...cation technologies can utilize the geographical positioning capability of a mobile device (cell positioning, WiFi, GPS).
...f the populations. In order to have accessible technology, systems used in crisis communications must be inclusive by design.
3 KB (413 words) - 09:37, 21 August 2014
...the factors relevant to the acceptance of technologies used for enhancing crisis or emergency communication among the public and within communities are theo
...a technology; and (3) the ease of sharing information and interacting via a technology; (based on Kaasinen 2005) (5) the ease with which taking these
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...ltiple actors in the equation, ranging from individuals providing data, to crisis mappers and organisations making use of that information. In addition, orga
...nfidentiality. Organisations have to respect the privacy of individuals in crisis and emergency situations. Therefore, handling this type of data, for exampl
3 KB (391 words) - 17:42, 19 August 2014
...terest of the public varies over time and by hazard. Even people living in a hazard zone may not appreciate the importance of preparedness.
...ies that benefit citizen preparedness. By mapping the available resources, a more complete picture can be gained, including private sector organisations
5 KB (689 words) - 08:09, 30 July 2014
*As a first step at the beginning of this phase, information is gathered, noting
*Attention should be focused on those most likely to be involved in the crisis.
3 KB (501 words) - 08:09, 30 July 2014
...or more information, but there are always groups or individuals who ignore a general alert and need to be specifically addressed.
*The target population is often mobile and a large percentage of the target may be outside their home area (e.g. tourist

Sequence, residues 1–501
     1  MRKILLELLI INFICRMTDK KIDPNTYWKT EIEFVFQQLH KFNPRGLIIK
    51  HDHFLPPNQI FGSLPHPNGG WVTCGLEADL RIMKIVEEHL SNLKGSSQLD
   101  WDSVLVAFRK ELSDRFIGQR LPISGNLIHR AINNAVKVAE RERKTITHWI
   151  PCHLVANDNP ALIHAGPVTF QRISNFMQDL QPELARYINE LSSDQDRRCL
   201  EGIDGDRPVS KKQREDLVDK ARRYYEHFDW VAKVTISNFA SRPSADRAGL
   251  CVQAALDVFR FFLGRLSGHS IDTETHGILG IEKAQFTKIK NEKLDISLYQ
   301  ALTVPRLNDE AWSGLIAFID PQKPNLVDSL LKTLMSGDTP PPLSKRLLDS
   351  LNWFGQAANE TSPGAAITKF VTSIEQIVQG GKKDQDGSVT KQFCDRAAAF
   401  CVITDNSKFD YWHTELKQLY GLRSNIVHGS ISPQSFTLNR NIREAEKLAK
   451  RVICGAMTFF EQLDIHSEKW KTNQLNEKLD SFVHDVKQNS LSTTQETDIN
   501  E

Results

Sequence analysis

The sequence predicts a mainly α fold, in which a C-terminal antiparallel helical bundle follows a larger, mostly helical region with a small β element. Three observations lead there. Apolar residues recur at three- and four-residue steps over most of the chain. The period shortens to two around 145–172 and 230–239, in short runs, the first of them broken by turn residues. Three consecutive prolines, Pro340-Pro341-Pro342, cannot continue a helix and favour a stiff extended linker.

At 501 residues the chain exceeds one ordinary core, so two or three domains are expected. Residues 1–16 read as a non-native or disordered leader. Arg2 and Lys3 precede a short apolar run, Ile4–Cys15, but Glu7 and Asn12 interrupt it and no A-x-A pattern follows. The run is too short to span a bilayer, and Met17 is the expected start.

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...to save lives, property and environment, and prevent further damage in the crisis situation.
*The technology infrastructure may be severely affected by the crisis. It is important to gather knowledge of the actual status of the relevant c
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*The ability of a community to accelerate the recovery process begins with its efforts in pre
*Recovery is not only the restoration of a community’s physical structures. Of equal importance is helping the commu
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*Although most people may want to forget and move on, there is a window of opportunity for awareness education.
*Monitoring social and news media shows how people look back on the crisis situation.
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*[http://emergency20wiki.org/ The Emergency 2.0 Wiki] is a free global online resource for using social media and new technologies in
*Baron, G. (2011). Six steps for building social media into your crisis plan. CW Bulletin, International Association of Business Communicators. San
2 KB (328 words) - 10:14, 28 August 2014
*FEMA (2011) A Whole Community Approach to Emergency Management: Principles, Themes, and P
...(2012) A literature review on community approaches involving the public in crisis management. Report, retrievable from: http://www.project-PEP.eu
1,016 B (133 words) - 17:39, 19 August 2014